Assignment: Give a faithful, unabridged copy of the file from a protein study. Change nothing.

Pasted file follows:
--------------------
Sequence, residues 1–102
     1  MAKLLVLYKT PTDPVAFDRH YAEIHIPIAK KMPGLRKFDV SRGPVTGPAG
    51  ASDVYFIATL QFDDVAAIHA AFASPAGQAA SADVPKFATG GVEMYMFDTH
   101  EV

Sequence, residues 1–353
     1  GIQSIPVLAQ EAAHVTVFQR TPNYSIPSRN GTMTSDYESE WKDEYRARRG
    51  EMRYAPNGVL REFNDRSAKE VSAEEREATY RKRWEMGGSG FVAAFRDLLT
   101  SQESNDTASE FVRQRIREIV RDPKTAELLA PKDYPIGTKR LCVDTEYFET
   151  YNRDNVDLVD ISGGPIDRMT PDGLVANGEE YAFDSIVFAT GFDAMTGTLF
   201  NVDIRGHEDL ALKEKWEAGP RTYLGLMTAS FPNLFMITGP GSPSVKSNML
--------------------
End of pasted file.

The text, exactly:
Sequence, residues 1–102
     1  MAKLLVLYKT PTDPVAFDRH YAEIHIPIAK KMPGLRKFDV SRGPVTGPAG
    51  ASDVYFIATL QFDDVAAIHA AFASPAGQAA SADVPKFATG GVEMYMFDTH
   101  EV

Sequence, residues 1–353
     1  GIQSIPVLAQ EAAHVTVFQR TPNYSIPSRN GTMTSDYESE WKDEYRARRG
    51  EMRYAPNGVL REFNDRSAKE VSAEEREATY RKRWEMGGSG FVAAFRDLLT
   101  SQESNDTASE FVRQRIREIV RDPKTAELLA PKDYPIGTKR LCVDTEYFET
   151  YNRDNVDLVD ISGGPIDRMT PDGLVANGEE YAFDSIVFAT GFDAMTGTLF
   201  NVDIRGHEDL ALKEKWEAGP RTYLGLMTAS FPNLFMITGP GSPSVKSNML